Magazine article History Today

Edmond Halley - Explorer

Magazine article History Today

Edmond Halley - Explorer

Article excerpt

Edmond Halley is best known by the comet that bears his name, but at the turn of the eighteenth century he was also involved in some intriguing cloak-and-dagger voyages of exploration. Ian Seymour tells a little-known story.

On August 2nd, 1700, a cluster of English fishing boats settled off Toad Cove, Newfoundland. Their calm routine shattered as an illfavoured craft bore down on the flotilla; pirates were active along the coast and few honest sailors welcomed the sight of a strange, dishevelled vessel. Captain Humphrey Bryant's trawler had already fought off one attack and his crew had no stomach for polite introductions. Five rounds of red-hot shot roared from their swivel-guns and sliced the brigand's rigging. The ship abruptly anchored as an agitated figure jigged about the poop deck, treating Bryant to a torrent of abuse impressive even by North Atlantic standards. It was maritime history's least likely Blackbeard -- Edmond Halley, FRS.

Appearances deceived; Halley was no buccaneer, yet Bryant's error touched on truth. The popular image of scientists in the late seventeenth century was as half-crazed cranks or solitary adepts, immersed in arcane studies and shunning normal life for the `high lonely tower' of Milton's Il Penseroso. Halley was totally different. A friend recalled him as `naturally of an ardent and glowing temper. He always spoke and acted with an uncommon degree of sprightliness and vivacity. He was open and punctual in his dealings, candid in his judgements and blameless in his manners, sweet and affable'. Even allowing for loyal exaggeration, Halley emerges as a warm, convivial man, well-liked and good-hearted, with a schoolboy's taste for swashbuckling excitement. He cut an energetic and engaging figure.

The astronomer's reputation has suffered from his fame. Halley's Comet -- the only bright comet to pass Earth at fairly short intervals has overshadowed the extraordinary range of his interests. Few scientific histories even mention the ocean voyages contemporaries considered by far his greatest achievement.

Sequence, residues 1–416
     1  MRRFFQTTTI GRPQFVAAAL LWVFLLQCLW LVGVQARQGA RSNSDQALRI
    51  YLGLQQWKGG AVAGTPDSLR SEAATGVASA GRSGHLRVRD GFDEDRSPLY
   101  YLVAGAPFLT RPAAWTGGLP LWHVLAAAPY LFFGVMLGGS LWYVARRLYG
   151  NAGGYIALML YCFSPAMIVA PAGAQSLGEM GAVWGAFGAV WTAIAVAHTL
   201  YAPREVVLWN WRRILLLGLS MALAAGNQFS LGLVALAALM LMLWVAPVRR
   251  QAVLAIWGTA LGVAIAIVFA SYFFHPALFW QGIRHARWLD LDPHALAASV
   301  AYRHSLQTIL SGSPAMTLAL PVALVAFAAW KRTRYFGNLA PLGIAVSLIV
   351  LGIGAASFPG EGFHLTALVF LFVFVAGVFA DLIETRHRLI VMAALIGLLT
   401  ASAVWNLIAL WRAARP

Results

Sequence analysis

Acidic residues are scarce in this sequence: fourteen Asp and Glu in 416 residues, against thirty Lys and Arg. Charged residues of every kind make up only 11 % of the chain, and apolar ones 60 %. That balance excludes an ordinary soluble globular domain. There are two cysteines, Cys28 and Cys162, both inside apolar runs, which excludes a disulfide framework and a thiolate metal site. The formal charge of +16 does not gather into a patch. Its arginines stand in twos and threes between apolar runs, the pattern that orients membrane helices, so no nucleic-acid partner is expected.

These adventures began shortly before noon on October 20th, 1698, as His Majesties' `Pink' Paramore slipped away from Deptford and headed for the open sea. Halley, Secretary of the Royal Society and a newly appointed naval captain, opened the sealed orders he had written for himself five days earlier. They began:

To Captn. Edmd. Halley Comandr ...

You are to make the best of your way to

the Southward of the Equator, and there to

observe on the East Coast of South America

and the West Coast of Africa, the variations

of the Compasse, with all the accuraccy

you can, as also the true Situation both in

Latitude and Longitude of the ports wher

you arrive

... and, if the season of the yeare permit,

you are to stand soe farr to the south till

you discover the Coast of the

Terra Incognito.

This wondrously optimistic final clause gave Halley carte blanche to explore and observe. The astronomer was eminently qualified for both. In November 1676, soon after his twentieth birthday, he and a friend embarked on a voyage to the remote Atlantic island of St Helena, intending to map the southern stars. They proved remarkably successful despite the island's overcast skies and the motiveless malice of Governor Gregory Field. In the following years Halley distinguished himself in almost every branch of science, displaying a powerful practical bent that marked him out from most of the Royal Society.

As early as 1693 he and Benjamin Middleton `made proposalls of going into ye South Sea & Round the World' to measure the variation of the compass and chart the Earth's magnetic field. Halley's reputation ensured a high level of official support, as did the obvious benefits to navigation. The causes of compass variation -- or `Declination' in technical terms -- are still not perfectly understood. …

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